What better way to break in my shiny new Motorola Droid X2 review unit and its dual-core Tegra 2 processor, right? The controls are clunky to say the least. Tapping the screen and dragging your finger is used both for controlling your view of the block tower and for actually moving around blocks themselves, so one must be careful when quickly flicking around the screen to get a better look at what’s going on. Once adjusted to the controls, gameplay is simple and fun. The physics seem a bit overly sensitive when moving blocks (but this may have more to do with controls), but I liked the added challenge.

NaturalMotionGames are the same people behind BackBreaker Football, so they know a thing or two about developing 3D experiences for today’s high-powered handsets. If you are a fan of Jenga, this app is for you. $2.99 in the Android Market now. J-J-J-Jenga!

Android Market Link: Jenga

LauncherPro’s developer working on Windows Phone 7 music app for Android (Download)

While the platform might not be doing too well with consumers, Windows Phone 7 does have something going for it — and that’s its Metro UI. The OS  made a big splash last year when the it was released because of its unique, refreshing, and truly beautiful UI.

Metro UI moves beyond the realistic and plasticky look of iOS and Android, throwing all the chrome away and focusing on “typography and content” — and I love it for that. As does Google, the company seems to be heading in that direction with the Honeycomb UI as well.

Another Android fan that loves the Metro UI is Federico Carnales, developer of the popular LauncherPro app for Android. He’s currently working on a music app for Android that it’s an exact replica of Windows Phone’s. The app while still in alpha is already snappier than Android’s own music app; and as you can see in the video below, it performs and looks just like its Windows Phone’s counterpart.

At this point, we don’t know how Microsoft will take this news. They might take it as a compliment, or sue the pants off Federico. Either way, we applaud Mr. Carnales for taking the time to build this app. Hopefully, he won’t stop with the music app, and will bring the Windows Phone gallery, phone, and messaging apps to Android as well.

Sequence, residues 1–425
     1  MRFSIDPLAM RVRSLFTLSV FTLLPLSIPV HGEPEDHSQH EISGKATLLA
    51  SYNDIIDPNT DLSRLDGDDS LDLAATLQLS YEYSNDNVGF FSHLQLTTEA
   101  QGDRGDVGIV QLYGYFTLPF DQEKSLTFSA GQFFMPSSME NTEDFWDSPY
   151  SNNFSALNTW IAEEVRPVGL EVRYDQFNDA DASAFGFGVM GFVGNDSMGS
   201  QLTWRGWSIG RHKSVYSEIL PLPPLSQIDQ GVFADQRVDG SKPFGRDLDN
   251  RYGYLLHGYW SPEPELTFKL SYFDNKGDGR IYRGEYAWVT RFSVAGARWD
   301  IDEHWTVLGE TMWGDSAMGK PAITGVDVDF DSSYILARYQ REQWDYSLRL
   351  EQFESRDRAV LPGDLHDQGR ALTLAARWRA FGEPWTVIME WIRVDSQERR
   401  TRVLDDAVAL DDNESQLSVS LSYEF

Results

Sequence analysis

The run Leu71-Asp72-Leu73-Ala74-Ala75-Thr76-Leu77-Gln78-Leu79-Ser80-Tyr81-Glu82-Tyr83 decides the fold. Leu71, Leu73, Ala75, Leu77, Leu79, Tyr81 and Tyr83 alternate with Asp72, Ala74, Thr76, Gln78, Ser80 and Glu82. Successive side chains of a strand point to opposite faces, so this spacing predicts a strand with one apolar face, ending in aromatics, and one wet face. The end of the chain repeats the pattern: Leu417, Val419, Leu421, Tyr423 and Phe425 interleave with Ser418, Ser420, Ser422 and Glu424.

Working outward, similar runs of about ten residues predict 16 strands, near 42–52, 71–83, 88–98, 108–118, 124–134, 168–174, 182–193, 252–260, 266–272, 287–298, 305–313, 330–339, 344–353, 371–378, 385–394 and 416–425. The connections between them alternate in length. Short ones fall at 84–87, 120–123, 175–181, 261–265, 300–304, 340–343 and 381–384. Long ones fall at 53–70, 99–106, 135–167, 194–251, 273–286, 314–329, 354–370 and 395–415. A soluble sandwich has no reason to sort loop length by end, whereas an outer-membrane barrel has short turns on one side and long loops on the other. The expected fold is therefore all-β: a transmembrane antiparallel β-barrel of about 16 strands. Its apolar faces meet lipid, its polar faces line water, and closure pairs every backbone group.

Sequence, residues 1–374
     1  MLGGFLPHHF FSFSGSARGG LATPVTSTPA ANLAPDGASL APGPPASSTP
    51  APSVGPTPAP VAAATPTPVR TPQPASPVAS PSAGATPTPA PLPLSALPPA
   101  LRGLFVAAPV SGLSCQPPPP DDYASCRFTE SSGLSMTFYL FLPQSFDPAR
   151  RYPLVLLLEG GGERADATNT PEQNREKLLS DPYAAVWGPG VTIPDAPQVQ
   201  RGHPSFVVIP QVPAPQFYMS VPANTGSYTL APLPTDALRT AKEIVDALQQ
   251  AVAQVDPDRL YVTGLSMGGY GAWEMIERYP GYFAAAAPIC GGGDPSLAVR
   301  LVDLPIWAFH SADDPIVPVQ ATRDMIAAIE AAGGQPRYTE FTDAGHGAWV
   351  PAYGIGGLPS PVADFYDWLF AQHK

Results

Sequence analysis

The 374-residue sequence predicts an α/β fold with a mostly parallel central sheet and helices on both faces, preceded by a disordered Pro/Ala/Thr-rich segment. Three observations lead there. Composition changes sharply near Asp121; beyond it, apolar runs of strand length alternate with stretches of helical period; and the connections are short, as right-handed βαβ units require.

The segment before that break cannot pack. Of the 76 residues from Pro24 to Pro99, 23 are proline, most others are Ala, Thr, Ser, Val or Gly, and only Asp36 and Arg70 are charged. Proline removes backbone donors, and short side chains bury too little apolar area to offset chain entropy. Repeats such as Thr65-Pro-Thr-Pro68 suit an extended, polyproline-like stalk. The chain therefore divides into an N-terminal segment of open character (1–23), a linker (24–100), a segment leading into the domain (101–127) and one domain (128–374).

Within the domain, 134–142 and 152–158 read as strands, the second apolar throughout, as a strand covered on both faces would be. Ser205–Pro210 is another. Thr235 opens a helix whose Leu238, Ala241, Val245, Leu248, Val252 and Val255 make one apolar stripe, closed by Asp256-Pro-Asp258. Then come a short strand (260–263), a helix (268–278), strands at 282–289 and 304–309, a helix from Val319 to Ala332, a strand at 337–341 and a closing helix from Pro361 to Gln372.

I’m a big fan of Federico’s LauncherPro, and if the alpha version of his music app is any indication, I’ll be an even bigger fan of “FedeMusic”. If you want to test drive — or even use it on a daily basis — Federico’s music app, you can download it here. The app should hit the Android Market in the near future, and I expect it to become very popular as soon as it does.

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LauncherPro’s developer working on Windows Phone 7 music app for Android (Download)

While the platform might not be doing too well with consumers, Windows Phone 7 does have something going for it — and that’s its Metro UI. The OS  made a big splash last year when the it was released because of its unique, refreshing, and truly beautiful UI.

Metro UI moves beyond the realistic and plasticky look of iOS and Android, throwing all the chrome away and focusing on “typography and content” — and I love it for that. As does Google, the company seems to be heading in that direction with the Honeycomb UI as well.

Another Android fan that loves the Metro UI is Federico Carnales, developer of the popular LauncherPro app for Android. He’s currently working on a music app for Android that it’s an exact replica of Windows Phone’s. The app while still in alpha is already snappier than Android’s own music app; and as you can see in the video below, it performs and looks just like its Windows Phone’s counterpart.

At this point, we don’t know how Microsoft will take this news. They might take it as a compliment, or sue the pants off Federico. Either way, we applaud Mr. Carnales for taking the time to build this app. Hopefully, he won’t stop with the music app, and will bring the Windows Phone gallery, phone, and messaging apps to Android as well.

I’m a big fan of Federico’s LauncherPro, and if the alpha version of his music app is any indication, I’ll be an even bigger fan of “FedeMusic”. If you want to test drive — or even use it on a daily basis — Federico’s music app, you can download it here. The app should hit the Android Market in the near future, and I expect it to become very popular as soon as it does.

No related content found.